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Pre-Law FAQ

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FAQs by Jacqueline G. Lee, J.D., Ph.D.



Frequently Asked Questions

When should I take the LSAT?

Taking it the summer after your junior year can be great because you can study over the summer without your typical semester obligations. This also gives time for a re-take if you would like. However, it’s up to you! There are typically 6 LSAT test dates throughout the year.

How do I sign up for the LSAT?

Through the LSAC (Law School Admissions Council) website:

How long should I study for the LSAT?

This depends a lot! A general rule of thumb is to study for about 3-6 months and to try to keep up with your studying weekly. Kaplan suggests that students spend at least 150-300 hours preparing over the course of 2-3 months, which is about 15-20 hours a week. Princeton Review suggests 250-300 hours of preparation over 3 months.

In general, you probably don’t want to start studying more than 6 months in advance though. This can lead to burnout.

How should I study for the LSAT?

There are 3 main approaches: Self-study, a free course, or a paid course. Each has its own drawbacks and benefits, and you’ll have to decide what works best for you. Some people also hire private tutors. These are some external links (we cannot guarantee the quality of their content or their ability to affect a score) for LSAT studying:

LSAC has a few free resources:

The LSAT Bible provides both paid and free resources:

You can also look into other study programs like Kaplan or Princeton Review

What major should I choose?

There are a few typical majors (English, political science, business, economics, criminal justice, psychology, sociology), but you should choose a major that you feel passionately about! Law school attendees have all types of majors. You want to choose a major that motivates you to do well in school because your college GPA will be an important part of your law school application. You may also want to consider your future career path; if you intend to work as a corporate attorney, a business or accounting major may make more sense for you. Or, if you want to go into intellectual property law (inventions, patents, etc.), a STEM major might be a good fit. These are all very individualized decisions, however, and there is no required major for law school.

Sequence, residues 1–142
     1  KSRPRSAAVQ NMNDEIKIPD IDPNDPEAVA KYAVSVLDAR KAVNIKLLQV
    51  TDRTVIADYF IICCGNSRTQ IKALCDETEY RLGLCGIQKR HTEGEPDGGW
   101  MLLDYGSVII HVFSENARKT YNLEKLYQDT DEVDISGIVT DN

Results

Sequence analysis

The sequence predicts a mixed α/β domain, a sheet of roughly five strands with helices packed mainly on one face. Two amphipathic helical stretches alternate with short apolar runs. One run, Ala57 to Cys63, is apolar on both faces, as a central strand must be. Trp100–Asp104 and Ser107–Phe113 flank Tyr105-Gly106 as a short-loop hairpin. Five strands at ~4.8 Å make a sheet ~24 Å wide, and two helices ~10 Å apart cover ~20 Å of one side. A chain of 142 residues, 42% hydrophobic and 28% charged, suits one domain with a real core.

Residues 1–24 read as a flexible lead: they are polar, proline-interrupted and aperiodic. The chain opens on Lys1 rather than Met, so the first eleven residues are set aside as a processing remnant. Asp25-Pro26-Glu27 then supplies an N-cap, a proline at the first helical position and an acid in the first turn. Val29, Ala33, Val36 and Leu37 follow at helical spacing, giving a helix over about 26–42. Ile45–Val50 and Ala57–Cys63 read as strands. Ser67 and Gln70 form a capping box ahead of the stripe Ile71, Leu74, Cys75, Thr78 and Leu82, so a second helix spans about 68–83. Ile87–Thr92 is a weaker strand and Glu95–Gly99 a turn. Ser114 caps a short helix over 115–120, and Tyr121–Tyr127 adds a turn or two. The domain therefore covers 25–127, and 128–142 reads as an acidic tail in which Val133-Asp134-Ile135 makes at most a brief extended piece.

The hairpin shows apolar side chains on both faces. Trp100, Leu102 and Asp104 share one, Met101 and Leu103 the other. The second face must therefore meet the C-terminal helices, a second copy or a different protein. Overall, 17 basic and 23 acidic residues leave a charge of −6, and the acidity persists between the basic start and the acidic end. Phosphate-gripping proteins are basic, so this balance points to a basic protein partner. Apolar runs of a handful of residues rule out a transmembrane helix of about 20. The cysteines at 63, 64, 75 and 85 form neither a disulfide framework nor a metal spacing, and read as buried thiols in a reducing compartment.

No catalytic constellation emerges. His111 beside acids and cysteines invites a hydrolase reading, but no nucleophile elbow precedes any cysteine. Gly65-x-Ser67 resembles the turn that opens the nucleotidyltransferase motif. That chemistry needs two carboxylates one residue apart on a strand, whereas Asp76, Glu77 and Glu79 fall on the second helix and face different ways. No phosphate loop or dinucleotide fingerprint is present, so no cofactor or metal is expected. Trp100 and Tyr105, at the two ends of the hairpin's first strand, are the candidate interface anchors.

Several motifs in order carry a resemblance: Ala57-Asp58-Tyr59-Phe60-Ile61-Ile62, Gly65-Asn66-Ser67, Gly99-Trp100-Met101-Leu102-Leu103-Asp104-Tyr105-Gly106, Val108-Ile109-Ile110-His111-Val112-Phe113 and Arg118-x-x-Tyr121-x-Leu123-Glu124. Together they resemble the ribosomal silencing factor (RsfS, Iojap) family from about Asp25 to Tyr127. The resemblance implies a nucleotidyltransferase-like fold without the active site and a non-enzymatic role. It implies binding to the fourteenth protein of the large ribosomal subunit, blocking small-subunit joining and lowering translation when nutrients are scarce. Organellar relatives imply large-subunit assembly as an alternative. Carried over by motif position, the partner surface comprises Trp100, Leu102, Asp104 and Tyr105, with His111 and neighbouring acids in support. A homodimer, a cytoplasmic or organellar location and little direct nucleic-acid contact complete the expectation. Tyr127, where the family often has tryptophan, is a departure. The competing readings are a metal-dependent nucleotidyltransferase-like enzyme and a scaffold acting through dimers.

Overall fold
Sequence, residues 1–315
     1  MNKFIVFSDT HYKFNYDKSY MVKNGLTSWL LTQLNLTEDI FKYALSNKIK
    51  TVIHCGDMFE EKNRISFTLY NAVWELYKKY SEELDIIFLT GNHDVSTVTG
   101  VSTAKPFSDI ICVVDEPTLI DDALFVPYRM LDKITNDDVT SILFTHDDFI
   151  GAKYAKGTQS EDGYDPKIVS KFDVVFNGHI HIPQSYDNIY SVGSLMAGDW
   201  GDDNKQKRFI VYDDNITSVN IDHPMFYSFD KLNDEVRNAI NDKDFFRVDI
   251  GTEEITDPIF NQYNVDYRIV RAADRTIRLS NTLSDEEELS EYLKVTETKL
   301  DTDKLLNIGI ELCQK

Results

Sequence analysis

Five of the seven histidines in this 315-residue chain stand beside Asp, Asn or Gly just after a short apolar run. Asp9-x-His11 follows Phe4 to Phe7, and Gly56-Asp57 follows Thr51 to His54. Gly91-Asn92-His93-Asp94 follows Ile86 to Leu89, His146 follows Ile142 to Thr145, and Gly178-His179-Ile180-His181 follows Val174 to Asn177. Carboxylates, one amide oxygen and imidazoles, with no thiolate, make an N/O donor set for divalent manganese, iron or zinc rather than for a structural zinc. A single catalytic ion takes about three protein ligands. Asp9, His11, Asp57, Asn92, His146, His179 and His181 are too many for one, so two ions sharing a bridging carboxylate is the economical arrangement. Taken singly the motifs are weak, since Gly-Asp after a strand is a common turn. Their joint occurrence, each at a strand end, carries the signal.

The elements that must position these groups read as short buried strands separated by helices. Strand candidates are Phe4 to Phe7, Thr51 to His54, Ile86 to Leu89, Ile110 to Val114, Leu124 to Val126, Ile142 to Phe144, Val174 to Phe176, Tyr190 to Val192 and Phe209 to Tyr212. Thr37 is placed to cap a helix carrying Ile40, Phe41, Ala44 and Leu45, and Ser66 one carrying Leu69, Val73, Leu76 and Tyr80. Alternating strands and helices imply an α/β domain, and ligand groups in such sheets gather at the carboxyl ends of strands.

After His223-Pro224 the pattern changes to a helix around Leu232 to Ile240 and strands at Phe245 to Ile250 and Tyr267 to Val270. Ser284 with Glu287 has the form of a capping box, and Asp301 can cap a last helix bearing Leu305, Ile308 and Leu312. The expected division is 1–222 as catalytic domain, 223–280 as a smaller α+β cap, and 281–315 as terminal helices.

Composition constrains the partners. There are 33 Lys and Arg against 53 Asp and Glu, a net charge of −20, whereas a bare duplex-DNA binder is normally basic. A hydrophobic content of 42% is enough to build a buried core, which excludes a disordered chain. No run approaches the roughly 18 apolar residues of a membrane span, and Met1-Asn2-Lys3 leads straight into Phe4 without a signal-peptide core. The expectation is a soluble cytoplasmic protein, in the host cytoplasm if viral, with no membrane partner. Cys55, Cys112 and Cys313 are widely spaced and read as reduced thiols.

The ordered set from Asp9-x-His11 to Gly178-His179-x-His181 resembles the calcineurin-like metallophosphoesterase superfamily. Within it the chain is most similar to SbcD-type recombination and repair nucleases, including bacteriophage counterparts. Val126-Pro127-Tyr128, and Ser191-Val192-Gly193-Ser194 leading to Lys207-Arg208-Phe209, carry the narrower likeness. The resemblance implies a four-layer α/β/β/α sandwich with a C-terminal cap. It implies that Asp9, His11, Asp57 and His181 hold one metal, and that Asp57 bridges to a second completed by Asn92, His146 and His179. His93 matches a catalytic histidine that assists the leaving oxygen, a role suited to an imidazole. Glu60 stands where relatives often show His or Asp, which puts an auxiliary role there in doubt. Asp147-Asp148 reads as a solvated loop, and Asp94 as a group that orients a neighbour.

Are there any classes I should take at Boise State to prepare for law school?

There are no specific classes, but there are some areas that might be helpful. Keep in mind that you are likely going to be more focused on building skills, rather than knowledge, at this stage. Lawyers write a lot, so classes that focus on reading and writing can be good preparation. You also want to build your analytics and critical thinking skills. Law courses (which can be found in many disciplines at Boise State – Business, Criminal Justice, Political Science) can give you some exposure to what law school might be like. Courses based on reasoning and logic (such as philosophy) can also be useful, as can government, social science, and history.

What are the most important factors in my law school application?

The two most important factors tend to be LSAT and GPA. However, those are not the only important aspects! Schools also pay close attention to letters of recommendation, personal statements, and other activities (jobs, extracurriculars, clubs, volunteering, etc.) from your resume.